Thursday, 26 May 2011


An SQL cursor is nothing but an area in user session memory which contains data about a specific statement. An SQL cursor actually has 2 parts.. The first heap which contains library cache metadata and second heap which is a larger heap contains executable representation of the cursor (usually called SQLAREA). Each heap is comprised of one or more chunks of memory.

SQL AREA can be thought of as a handle which points to a private sql area in UGA and the further pointing to the shared SQL area. All SQL cursors are allocated in 4K chunks. The bigger the cursor the more 4K chunks are allocated. An open cursor has already been parsed and the cursor handle is in library cache.

If the cursor is not in shared pool obviosuly it has to be reconstructed (hard parse) which requires a shared pool and library cache latch. A soft parse is preferable to a hard parse because the database skips the optimization and row source generation steps, proceeding straight to execution.

To reduce the mount of latching in your database DBA's configure a session cursor cache which contains instantiation of shared child cursors (closed session cursors) so that repeatable statements can reuse these cursors. You can store the reusable cursors in this session cursor cache. And the parameter session_cached_Cursors is independent of open_cursors. That means you can keep it higher than open_cursors because session cursors are not cached in open state. In 11G R2 default value of open_cursor is 300 and for session_Cached_cursors is 50

When the statement is in library cache, the associated cursor for the statement is placed on a hash chain. All these cursor handles are in shared pool inside hash chains. The parsing procedure actually has the following workings :=

1) find and execute an open cursor
2) Find a closed cursor in session cursor cache
3) search the hash chains for a soft parse
4) Construct the cursor (hard parse)

A Cursor is a handle to a specific PRIVATE SQL AREA. PRIVATE SQL AREA which is in the UGA keeps information about a parsed sql statement and session specific information for processing. When a statement is executed the process uses private sql area to store bind variable values, query execution work area and so on...
A Shared SQL area is different from private sql area. The shared sql area is in library cache containing execution plans in the SGA.

In the context of PL/SQL, the following is a notion of cursors


Static cursors are normal cursors like (explicit and implicit). For explicit cursors...A cursor is a mechanism by which you can assign a name to a "select statement" and manipulate the information within that SQL statement. A programmer can open, fetch data, close and check attributes of this kind of cursor.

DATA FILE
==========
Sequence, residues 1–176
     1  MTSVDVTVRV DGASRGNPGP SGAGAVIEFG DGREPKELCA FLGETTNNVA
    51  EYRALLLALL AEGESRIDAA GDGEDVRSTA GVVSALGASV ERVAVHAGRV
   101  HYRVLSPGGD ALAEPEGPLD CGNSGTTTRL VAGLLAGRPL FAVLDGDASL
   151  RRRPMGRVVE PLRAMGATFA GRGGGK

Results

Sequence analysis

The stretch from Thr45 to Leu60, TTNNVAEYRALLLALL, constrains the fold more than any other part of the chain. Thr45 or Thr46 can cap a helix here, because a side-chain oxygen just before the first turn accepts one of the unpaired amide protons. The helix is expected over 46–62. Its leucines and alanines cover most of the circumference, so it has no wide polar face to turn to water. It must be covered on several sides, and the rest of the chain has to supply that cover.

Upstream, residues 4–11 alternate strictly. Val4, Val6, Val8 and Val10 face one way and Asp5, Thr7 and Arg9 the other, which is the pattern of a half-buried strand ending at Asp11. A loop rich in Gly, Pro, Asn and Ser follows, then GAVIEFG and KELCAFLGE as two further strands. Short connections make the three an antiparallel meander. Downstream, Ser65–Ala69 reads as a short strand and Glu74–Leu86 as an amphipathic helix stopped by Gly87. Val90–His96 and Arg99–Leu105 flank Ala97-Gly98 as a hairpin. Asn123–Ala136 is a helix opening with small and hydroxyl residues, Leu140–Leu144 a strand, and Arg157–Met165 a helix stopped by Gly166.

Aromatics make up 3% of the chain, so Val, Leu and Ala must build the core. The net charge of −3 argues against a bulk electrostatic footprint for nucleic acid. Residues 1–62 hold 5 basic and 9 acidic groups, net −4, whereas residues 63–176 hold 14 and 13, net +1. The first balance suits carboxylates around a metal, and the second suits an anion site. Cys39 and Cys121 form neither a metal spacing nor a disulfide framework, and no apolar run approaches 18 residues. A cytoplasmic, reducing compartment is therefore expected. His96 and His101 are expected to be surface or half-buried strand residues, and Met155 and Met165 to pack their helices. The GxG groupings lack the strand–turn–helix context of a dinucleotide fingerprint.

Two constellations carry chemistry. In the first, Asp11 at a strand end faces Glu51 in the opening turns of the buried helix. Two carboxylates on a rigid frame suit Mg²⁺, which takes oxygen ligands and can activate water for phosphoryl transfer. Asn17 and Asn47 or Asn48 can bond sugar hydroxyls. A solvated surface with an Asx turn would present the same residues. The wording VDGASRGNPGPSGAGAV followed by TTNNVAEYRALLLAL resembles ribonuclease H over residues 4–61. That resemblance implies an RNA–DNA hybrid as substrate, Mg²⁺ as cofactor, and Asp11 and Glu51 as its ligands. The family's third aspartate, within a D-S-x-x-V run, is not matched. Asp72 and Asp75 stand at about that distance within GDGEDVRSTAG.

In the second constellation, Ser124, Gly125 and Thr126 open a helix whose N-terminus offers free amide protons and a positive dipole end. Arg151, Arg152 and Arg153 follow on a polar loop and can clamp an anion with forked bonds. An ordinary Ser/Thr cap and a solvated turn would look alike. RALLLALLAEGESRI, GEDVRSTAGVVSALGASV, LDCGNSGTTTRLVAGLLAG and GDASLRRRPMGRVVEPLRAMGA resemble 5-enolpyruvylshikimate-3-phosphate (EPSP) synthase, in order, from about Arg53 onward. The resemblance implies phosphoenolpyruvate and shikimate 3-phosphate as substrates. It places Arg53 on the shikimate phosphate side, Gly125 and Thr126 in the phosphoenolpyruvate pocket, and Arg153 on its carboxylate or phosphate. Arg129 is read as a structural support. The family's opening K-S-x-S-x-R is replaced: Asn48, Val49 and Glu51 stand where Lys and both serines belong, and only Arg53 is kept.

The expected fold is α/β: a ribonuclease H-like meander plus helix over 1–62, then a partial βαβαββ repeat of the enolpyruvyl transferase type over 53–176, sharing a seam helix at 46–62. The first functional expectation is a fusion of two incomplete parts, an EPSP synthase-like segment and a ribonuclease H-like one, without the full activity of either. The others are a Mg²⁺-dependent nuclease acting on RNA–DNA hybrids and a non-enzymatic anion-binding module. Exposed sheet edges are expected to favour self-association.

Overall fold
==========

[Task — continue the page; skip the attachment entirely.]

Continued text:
Implicit cursors are more fast and they have less coding effort. And this one will never raise INVALID_CURSOR error and it cannot be opened outside the statement.


Ref CURSORS created only when it is opened. A REF CURSOR is basically a data type.  A variable created based on such a data type is generally called a cursor variable.  A cursor variable can be associated with different queries at run-time.  The primary advantage of using cursor variables is their capability to pass result sets between sub programs (like stored procedures, functions, packages etc....)

Saturday, 21 May 2011

Adaptive Cursor Sharing


The adaptive cursor sharing feature enables a single statement that contains bind variables to use multiple execution plans. Cursor sharing is "adaptive" because the
cursor adapts its behavior so that the database does not always use the same plan for each execution or bind variable value.


A bind-sensitive cursor is a cursor whose optimal plan may depend on the value of a bind variable. The database monitors the behavior of a bind-sensitive cursor that uses different bind values to determine whether a different plan is beneficial.

The criteria used by the optimizer to decide whether a cursor is bind-sensitive include the following:

1) The optimizer has peeked at the bind values to generate selectivity estimates.
2) A histogram exists on the column containing the bind value.


A bind-aware cursor is a bind-sensitive cursor eligible to use different plans for different bind values. After a cursor has been made bind-aware, the optimizer chooses plans for future executions based on the bind value and its selectivity estimate. When a statement with a bind-sensitive cursor executes, the database decides whether to mark the cursor bind-aware. The decision depends on whether the cursor produces significantly different data access patterns for different bind values.

If the database marks the cursor bind-aware, then the next time that the cursor executes the database does the following:

1) Generates a new plan based on the new bind value.
2) Marks the original cursor generated for the statement as not shareable (V$SQL.IS_SHAREABLE is N). This cursor is no longer usable and will be among the first to be aged out of the shared SQL area.


If the optimizer creates a plan for a bind-aware cursor, and if this plan is the same as an existing cursor, then the optimizer can perform cursor merging. In this case, the database merges cursors to save space in the shared SQL area. The database increases the selectivity range for the cursor to include the selectivity of the new bind. Suppose you execute a query with a bind value that does not fall within the selectivity ranges of the existing cursors. The database performs a hard parse and generates a new plan and new cursor. If this new plan is the same plan used by an existing cursor, then the database merges these two cursors and deletes one of the old cursors.